Opinion Trends/Statistics

Where Will Interest Rates Go in 2012?

In one of my light-bulb moments, I discovered that (at least here in Louisville) unemployment has proven to be a bigger factor in determining home sales activity than traditional real estate metrics.

Now that unemployment has started trending lower it will be interesting just how much sales will be affected, especially considering that interest rates continue to reside at historical lows.

Let’s take a look at what rates have done over the past decade.

Chart of 30 year mortgage interest rates through 2012

Merely going back 10 years shows how attractive today’s mortgage interest rates are. When have rates ever been this low? Answer: Never.

A hot topic in real estate circles is, “How long can mortgage rates stay this low?” Experts fall into one of two camps.

Camp One feels that with the economy improving, albeit slowly, the Fed will be forced to increase the prime rate, which in turn will affect all tied rates. Once that happens, mortgage rates will rise above 4 percent and move towards 5 percent over the course of 2012.

This is a realistic approach, understanding what we know about how this country’s financial institutions work, but is not the most popular view among experts.

The second camp takes a more political approach. With an election around the corner, it’s highly unlikely that the Obama Administration allows rates to be raised when the overall economy is still far from healthy.

This view appears to be supported by an unprecedented announcement.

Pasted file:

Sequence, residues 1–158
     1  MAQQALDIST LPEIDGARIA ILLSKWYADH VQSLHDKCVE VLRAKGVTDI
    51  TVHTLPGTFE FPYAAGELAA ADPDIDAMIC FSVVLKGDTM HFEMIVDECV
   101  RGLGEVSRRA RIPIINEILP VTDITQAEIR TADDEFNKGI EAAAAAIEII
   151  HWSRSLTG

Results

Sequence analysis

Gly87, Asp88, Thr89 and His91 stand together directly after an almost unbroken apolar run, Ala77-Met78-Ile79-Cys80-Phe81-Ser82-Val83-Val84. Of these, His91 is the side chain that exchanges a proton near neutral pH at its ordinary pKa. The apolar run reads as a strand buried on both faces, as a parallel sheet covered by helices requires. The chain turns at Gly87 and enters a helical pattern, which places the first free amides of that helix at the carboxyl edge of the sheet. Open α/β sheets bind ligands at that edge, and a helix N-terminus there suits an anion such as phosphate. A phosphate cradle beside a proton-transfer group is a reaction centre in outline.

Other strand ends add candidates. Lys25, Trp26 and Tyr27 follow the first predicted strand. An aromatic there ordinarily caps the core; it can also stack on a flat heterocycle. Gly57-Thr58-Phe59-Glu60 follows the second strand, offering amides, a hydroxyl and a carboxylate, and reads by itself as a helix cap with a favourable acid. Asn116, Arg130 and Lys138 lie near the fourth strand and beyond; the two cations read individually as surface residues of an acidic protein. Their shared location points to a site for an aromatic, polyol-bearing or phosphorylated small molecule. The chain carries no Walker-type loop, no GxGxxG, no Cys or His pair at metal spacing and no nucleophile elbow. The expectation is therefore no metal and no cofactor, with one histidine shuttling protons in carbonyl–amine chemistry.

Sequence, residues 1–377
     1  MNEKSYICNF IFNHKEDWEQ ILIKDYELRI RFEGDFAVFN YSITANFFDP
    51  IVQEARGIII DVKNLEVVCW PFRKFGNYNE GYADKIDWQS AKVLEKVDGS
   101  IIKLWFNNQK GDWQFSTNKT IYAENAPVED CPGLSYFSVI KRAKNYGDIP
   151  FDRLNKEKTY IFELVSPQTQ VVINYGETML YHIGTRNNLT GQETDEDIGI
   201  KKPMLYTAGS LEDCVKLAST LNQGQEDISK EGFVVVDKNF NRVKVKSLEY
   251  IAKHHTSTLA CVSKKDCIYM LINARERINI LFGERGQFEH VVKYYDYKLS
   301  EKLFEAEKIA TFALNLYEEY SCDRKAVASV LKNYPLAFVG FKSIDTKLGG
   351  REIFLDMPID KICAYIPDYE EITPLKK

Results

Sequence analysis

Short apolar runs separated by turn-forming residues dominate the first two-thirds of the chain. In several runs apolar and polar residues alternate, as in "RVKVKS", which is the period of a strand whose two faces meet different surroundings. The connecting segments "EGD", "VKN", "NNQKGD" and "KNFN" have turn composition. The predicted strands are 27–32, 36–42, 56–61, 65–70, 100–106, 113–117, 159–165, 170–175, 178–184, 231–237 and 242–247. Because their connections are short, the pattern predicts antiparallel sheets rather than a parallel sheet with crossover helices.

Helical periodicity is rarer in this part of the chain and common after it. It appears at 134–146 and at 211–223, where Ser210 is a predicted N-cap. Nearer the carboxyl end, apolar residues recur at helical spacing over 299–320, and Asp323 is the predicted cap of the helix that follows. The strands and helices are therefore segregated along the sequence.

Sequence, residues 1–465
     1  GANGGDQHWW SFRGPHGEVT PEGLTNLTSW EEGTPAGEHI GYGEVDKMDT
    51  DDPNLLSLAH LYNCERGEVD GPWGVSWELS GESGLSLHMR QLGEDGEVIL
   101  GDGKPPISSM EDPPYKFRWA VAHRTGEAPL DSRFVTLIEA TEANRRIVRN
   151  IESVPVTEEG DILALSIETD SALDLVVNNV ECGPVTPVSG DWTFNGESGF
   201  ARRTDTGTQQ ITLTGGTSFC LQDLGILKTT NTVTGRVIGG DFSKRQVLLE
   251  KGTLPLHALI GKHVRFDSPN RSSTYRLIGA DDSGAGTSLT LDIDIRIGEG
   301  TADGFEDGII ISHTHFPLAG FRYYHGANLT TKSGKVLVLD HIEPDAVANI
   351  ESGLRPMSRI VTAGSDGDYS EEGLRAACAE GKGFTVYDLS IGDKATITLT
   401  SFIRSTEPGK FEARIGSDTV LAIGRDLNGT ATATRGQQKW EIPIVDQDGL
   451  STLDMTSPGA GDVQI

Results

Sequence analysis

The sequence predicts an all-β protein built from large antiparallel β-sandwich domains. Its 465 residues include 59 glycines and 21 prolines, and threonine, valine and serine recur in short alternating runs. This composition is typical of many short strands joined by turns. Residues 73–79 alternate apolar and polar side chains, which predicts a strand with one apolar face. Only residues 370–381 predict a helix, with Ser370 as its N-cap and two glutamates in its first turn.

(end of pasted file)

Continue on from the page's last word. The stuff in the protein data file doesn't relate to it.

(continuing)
In January the Fed went on record saying it wouldn’t raise interest rates until the end of 2014.

It’s unlikely the institution is obligated to adhere to this proclamation.

Chart of unemployment numbers for Louisville KY and the United States

As you can see, at the end of 2008 unemployment rates jumped sharply. Since the highs of 2010, they’ve been slowly returning to healthier levels.

Moving back to the unemployment metric, we see a couple of things stand out.

First, understand how dramatically unemployment rose throughout 2008 to 2009. Consumer confidence was severely shaken, and even with more recent declines, unemployment is still 4 percent above what brilliant minds like Beveridge, Fridman and others deem “ideal.”

Secondly, it’s interesting to see how Louisville somewhat mimics the National trend but in a partially delayed state. During almost all of the 1990’s Louisville bested the National rate. Since then, we have been living a half point or more above it.

So with unemployment improving and mortgage rates likely to remain low throughout 2012, the Louisville real estate market should gain momentum. While other parts of the country are seeing more dramatic improvements in their real estate markets, ours will be a more modest gain.

About the author

Tre Pryor, Editor-in-Chief

Tre Pryor is the recognized expert Louisville Realtor who can:
  • List and sell your current home in Louisville,
  • Help you purchase your next Louisville home, or
  • Guide you in your relocation to Louisville, Kentucky
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